Saturday, May 10, 2014
KDA 'Fantasy Camp' Starts Wednesday, 5/14
The Kentucky Distillers' Association (KDA) likes to describe its Kentucky Bourbon Affair, which begins next Wednesday, as "a fantasy camp for bourbon lovers." Fantasy camps are a thing. The term usually describes an expensive meeting of has-beens and wanna-bes which due to its high cost is a true fantasy for most, reality for only a privileged few.
The true theme of the Kentucky Bourbon Affair, therefore, is insiders versus outsiders, and the only way to be an insider is to pay KDA, either in cash or fealty.
That is how KDA plays the game. It's not enough that insiders win, outsiders must also lose.
An article in Louisville's Courier-Journal this past Tuesday put that strategy on display like never before. In it, KDA President Eric Gregory is quoted as follows: "What makes our Kentucky Bourbon Affair unlike any other whiskey event in the world is the fact that Kentucky distillers are hosting this, not an event firm or some other group," Gregory said.
"Event firm" is a dig at FSA Management Group, which along with Bourbon Review Magazine, had the nerve to produce the Bourbon Classic for two years running without KDA's permission.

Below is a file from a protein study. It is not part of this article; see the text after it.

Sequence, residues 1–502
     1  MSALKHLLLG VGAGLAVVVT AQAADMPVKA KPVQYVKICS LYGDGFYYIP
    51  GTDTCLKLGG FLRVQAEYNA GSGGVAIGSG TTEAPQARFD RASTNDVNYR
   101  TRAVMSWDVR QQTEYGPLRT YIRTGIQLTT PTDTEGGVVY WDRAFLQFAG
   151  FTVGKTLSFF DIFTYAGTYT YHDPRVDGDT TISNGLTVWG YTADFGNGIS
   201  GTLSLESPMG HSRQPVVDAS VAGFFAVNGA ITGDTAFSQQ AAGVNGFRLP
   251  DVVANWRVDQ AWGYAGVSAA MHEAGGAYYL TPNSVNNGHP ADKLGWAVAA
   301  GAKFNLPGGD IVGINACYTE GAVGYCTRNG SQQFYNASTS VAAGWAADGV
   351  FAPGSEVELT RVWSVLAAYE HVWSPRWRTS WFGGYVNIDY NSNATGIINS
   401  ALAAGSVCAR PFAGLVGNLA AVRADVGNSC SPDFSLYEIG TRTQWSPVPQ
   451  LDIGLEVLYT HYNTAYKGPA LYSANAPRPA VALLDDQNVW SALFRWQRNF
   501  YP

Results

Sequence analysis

It's no secret that the name at the top of KDA's blacklist is Sazerac, which operates the two big Kentucky distilleries (out of ten) that don't belong to the KDA. That's understandable, since member dues used to be the sole revenue source for the KDA, before it became an event firm. The estimated take from the 3-day Affair will be about $400,000, which will be used to promote the member distilleries even harder.
The KDA doesn't have an exclusive franchise to promote bourbon and bourbon tourism, and most of those other individuals and groups have no gripe with Sazerac, its Buffalo Trace distillery in Frankfort, or its Barton 1792 distillery in Bardstown, but anyone who fails to treat Sazerac and its properties like pariahs risks the KDA's wrath, which usually comes on little cat feet in the dark of night.
This crazy bourbon boom, which nobody saw coming and nobody can claim credit for, should make everyone happy. It looks like there should be plenty of opportunity to go around, but when the stakes go up, the powerful get greedy. "We're the goose that lays them," think the big distillers. "Why shouldn't we keep all the golden eggs?"
The thing is, that's our gold, not yours. Bourbon buyers and bourbon drinkers and bourbon tourists created that wealth, not you and your politician buddies. Remember, not 20 years ago you were drowning in the stuff and if you continue to kick regular, day-to-day bourbon fans to the curb, China and India won't save you.